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Carnegie Mellon class of 2022.

These days, anyone can prop up an argument by pulling up a statistic. Much has been written about how statistics can be faulty — perhaps due to publication bias, or lack of generalizability, or researcher data-dredging.

But even genuine, trustworthy statistics, when plucked out of context, can mislead. Here are three common ways.

1. Using measures of the wrong thing

Does this tell us how marijuana usage has changed? (Source: ACLU Washington)

Say we want to know how rates of marijuana usage have changed over time in the U.S. The evidence: a graph of the yearly marijuana possession arrest rates.

The problem with this is quite clear: most marijuana users don’t get arrested! Maybe the change in marijuana arrest…


Is it really science of the brain, or just redundant psychology?

“When you cut your finger, there is a local release of prostaglandins and bradykinin. These bind to a nociceptor so it can become depolarized and send an action potential to the spinal cord where the signal can ultimately be transmitted to the brain. The activated nociceptor also releases Substance P to mast cells, which release histamine onto the nociceptor. This serves as positive feedback to keep it depolarized; the increased firing rate amplifies the pain response.”

What that paragraph says is all true. …


Do you think they haven’t heard from the “experts”?

via Adobe Stock

Not too long ago, “anti-vaxxers” were just a ridiculed fringe group. Taking shots for polio and the measles and such seemed like an ordinary part of life. Why would anyone see a problem with it?

But now that the COVID-19 vaccine has entered the scene, people are feeling pressured. They’re questioning whether this coerced intervention is really going to be worth it, often with the same concerns that vaccine critics have pointed out for years.

The experts have noticed this phenomenon they call vaccine hesitancy. The response: insisting that the COVID-19 vaccine is effective, and that we need to take…


“Bias” and “lurking variables” are two of the most important factors in judging how well a study is designed. And from my experience as an introductory statistics TA, they’re the two concepts that get most often mixed up!

With Bias, You Can’t Claim a Result Applies to the Broader Population

Sometimes statistics “miss the mark” — they’re off from the true figure. (Image by Lucian Alexandru Motoc, via Dreamstime)

When you try to get a figure for a population (say, an average, or a percentage, or the strength of a correlation), but you can’t gather information from every member, you can select a representative sample and get the statistic from that. There’s bound to be some variation, of course. It’s not going to be exactly the same figure as for the…


Feodora Chiosea via Dreamstime

Try reading the following list, then covering it up and seeing how many you can remember: XCN, NPH, DFB, ICI, AES, PNX. How did you do? Most people would start to falter at the third chunk of letters, if not sooner.

Now, try doing the same for this list: X, CNN, PHD, FBI, CIA, ESPN, X. You’d probably get more chunks correct. But these are the same letters! The only difference is the spacing; now you can see chunks that are familiar to you [1].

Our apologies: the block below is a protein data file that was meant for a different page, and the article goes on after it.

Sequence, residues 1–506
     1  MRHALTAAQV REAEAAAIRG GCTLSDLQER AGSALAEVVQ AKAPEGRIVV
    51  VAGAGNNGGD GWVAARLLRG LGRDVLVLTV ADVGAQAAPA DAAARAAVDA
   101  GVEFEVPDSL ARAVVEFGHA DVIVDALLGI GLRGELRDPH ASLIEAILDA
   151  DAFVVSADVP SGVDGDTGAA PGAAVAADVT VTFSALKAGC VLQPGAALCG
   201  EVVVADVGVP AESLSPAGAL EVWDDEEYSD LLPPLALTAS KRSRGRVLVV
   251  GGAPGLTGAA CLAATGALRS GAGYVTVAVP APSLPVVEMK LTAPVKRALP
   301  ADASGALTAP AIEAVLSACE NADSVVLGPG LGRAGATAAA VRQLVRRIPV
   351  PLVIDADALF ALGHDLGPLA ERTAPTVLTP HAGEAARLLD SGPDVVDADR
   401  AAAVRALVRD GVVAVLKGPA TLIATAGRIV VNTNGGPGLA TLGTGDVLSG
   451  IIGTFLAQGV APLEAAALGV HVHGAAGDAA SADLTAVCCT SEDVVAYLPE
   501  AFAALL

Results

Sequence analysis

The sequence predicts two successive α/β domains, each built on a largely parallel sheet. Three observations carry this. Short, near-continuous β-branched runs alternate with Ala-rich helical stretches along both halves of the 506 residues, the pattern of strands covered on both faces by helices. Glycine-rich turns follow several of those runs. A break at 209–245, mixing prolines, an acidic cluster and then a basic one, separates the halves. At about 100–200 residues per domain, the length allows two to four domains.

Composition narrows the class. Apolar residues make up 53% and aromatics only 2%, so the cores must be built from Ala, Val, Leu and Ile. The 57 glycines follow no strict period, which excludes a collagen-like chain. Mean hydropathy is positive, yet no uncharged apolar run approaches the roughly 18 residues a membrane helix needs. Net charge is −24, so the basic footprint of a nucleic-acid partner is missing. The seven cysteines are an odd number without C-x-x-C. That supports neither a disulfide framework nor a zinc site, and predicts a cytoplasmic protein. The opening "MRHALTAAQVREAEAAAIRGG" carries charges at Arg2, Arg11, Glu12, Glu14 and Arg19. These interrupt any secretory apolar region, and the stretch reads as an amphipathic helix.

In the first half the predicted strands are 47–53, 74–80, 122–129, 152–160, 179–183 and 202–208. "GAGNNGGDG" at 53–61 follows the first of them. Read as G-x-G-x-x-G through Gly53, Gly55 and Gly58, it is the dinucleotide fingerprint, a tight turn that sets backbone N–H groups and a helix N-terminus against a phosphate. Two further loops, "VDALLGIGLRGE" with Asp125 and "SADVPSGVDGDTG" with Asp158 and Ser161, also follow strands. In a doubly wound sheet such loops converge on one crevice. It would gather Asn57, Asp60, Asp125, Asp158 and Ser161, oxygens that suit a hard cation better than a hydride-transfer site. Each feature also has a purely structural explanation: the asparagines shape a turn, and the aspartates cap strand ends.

This illustrates the relationship between working memory and long-term memory. You can hold more in…


Having six fingers is a dominant trait! This fun fact leaves some people puzzled — that means if you have it, your kids will have it, right? Shouldn’t it be more common in the population than having five fingers, then? Does this mean it’s somehow advantageous to have an extra finger?

I’ve heard all these asked, and the answers are no, no, and no. Clearly, while many of us have heard the terms “dominant” and “recessive,” there’s not much clarity about what they mean. This article serves as a review.

Simple Dominance

In classical genetics, traits —passed-down physical characteristics — are encoded…


Schools don’t teach what we’ve already evolved to learn.

@gorodenkoff, via iStock

Reading, writing, mathematics, science, history — there’s a fairly narrow set of subjects considered “academic.” But not everyone needs these to succeed in adult life. Shouldn’t we be taught skills that are more broadly useful, like how to socialize with others, or how to be a problem solver?

And if people do want to learn those “academic” subjects, can’t they just learn naturally? …


Experts won’t address alternative COVID-19 theories? Fine, I’ll do it.

What if viruses don’t actually cause diseases? That’s the premise of The Contagion Myth, a recent book from the Weston Price Foundation gaining support among COVID-19 lockdown critics — surely there’s no reason to keep us spaced apart with cloth on our faces if this new disease is something like cancer or scurvy, not something that can be spread person-to-person.

How intriguing! This book gave me much to think about. But ultimately, while it does call attention to important health findings, it fails to do what its supporters claim: debunk germ theory.

The Argument

The authors explain terrain theory, the rival to…


Source: IoginovVados, via Depositphotos

“Look on the bright side.” “Mistakes help you learn.” “At least you tried.”

People offer these sayings with good intent. But they may not be the most helpful when you’re grieving a genuine disappointment. At this point, they’re like saying “Everything happens for a reason” at a funeral: not a meaningful contribution, and probably not a welcome one.

It’s okay to view a failure as something tragic, something that should not have happened. You don’t have to spin it into some destined blessing. Still, a realistic reframe can help you feel better — and moving forward, do better. …

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